According to the court, the DNA tests came back “positive for recently wolf ancestry”. In truth, a series of genetic markers in Karma’s DNA were matched against known wolf DNA sequences. Of 80-something markers being examined, Karma shared only 15 similarities. Most domestic dogs show an average of 8. And so, since Karma had 6 more markers than a garden variety golden retriever, she was labeled as a “wolf hybrid” and was thus deemed a “dangerous exotic animal”. 

False positives like this are common in DNA tests, and are part of the reason that Pack West relies heavily on a process called phenotyping to determine wolf content, as opposed to DNA testing

Karma the husky was spared from euthanasia following a large-scale rescue operation (which involved the collection of more than 335,000 signatures on a petition to spare her life). She was transported to fellow rescuers at Full Moon Farms wolfdog sanctuary, where a phenotype proved that Karma had no indication of recent wolf ancestry whatsoever. 

She was still nearly killed due to false claims of content. Not all pups are as lucky as Karma. 

Wolfdogs submitted to county shelters are not available for adoption to the general public, and, as a result, are often put to sleep. A male husky/malamute mix taken in as a stray was erroneously labeled as a “wolf hybrid” by uneducated staff, and was euthanized before anyone in the rescue community had the opportunity to save him. 

Pack West dedicates most of our educational outreach to ending this dangerous cycle, in an effort to cut back on the number of animals needing rescue to begin with. We plan to offer courses on basic wolfdog identification to shelters, animal control officers, and veterinary staff to help stop misrepresentation in its tracks. 

Responsible wolfdog owners understand these dangers and are honest about the content of their animals. If they don’t know their pups’ content, they are sure to say so. If a supposed wolfdog does not show signs of having actual wolf content, a responsible owner doesn’t call that animal a wolfdog at all.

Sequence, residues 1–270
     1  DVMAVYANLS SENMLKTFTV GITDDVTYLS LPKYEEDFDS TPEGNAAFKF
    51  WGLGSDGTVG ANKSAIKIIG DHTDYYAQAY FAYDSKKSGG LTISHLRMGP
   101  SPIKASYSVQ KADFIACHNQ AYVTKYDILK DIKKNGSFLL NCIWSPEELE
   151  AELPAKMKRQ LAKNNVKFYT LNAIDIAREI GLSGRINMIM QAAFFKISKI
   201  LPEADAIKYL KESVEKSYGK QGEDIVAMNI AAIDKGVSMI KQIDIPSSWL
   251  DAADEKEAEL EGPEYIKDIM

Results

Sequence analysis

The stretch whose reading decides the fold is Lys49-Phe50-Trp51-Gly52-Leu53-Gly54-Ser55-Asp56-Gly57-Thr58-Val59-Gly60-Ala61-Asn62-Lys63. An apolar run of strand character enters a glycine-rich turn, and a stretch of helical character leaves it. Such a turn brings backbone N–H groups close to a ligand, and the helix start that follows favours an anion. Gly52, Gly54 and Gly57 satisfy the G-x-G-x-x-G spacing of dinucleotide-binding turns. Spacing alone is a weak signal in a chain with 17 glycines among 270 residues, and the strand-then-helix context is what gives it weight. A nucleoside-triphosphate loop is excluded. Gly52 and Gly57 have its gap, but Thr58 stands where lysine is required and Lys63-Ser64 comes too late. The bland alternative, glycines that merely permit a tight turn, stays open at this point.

Wolfdogs are difficult companion animals for most members of the general public due to their high-maintenance care. Pack West offers presentations and educational seminars at various locations throughout the Pacific Northwest for those who are interested in learning more and working hands-on with this unique breed. 

If you live outside the Pacific Northwest or cannot otherwise attend such seminars, and feel that you have a wolfdog which exceeds your care-giving capabilities, please consider reading the following resources. Remember: These are animals that will not change their lives to suit yours - you will have to change your life to suit theirs. This means making some big (and often, permanent) changes. It is better to make these changes and become a better owner for your wolfdog than it is to send the pup to a rescue/sanctuary, when possible:  

Quality of Life of Wolfdogs.

Containment Solutions for Wolfdog Owners.

Avoiding Dominance Training while Training Wolfdogs.

Advice for Jumping/Digging/Chewing Behavior Problems.

Additional Notes in Socializing a Wolfdog Puppy.

Thrilling Glass Slide at 1,000 Feet Above Los Angeles Opens to the Public

For those who love to pair spectacular views with an adrenaline rush, a ride on the recently opened Skyslide is the perfect combination of both. Visitors can experience Skyslide’s unparalleled, panoramic views of downtown Los Angeles from within an enclosed glass slide that is suspended 1,000 feet above ground. The slide begins on the 70th floor of the U.S. Bank Tower, the tallest building on the West Coast, and extends 45 feet down to the 69th floor. The San Gabriel Mountains, Pacific Ocean, and even Catalina Island can be observed on clear days.

VIa MyModernMet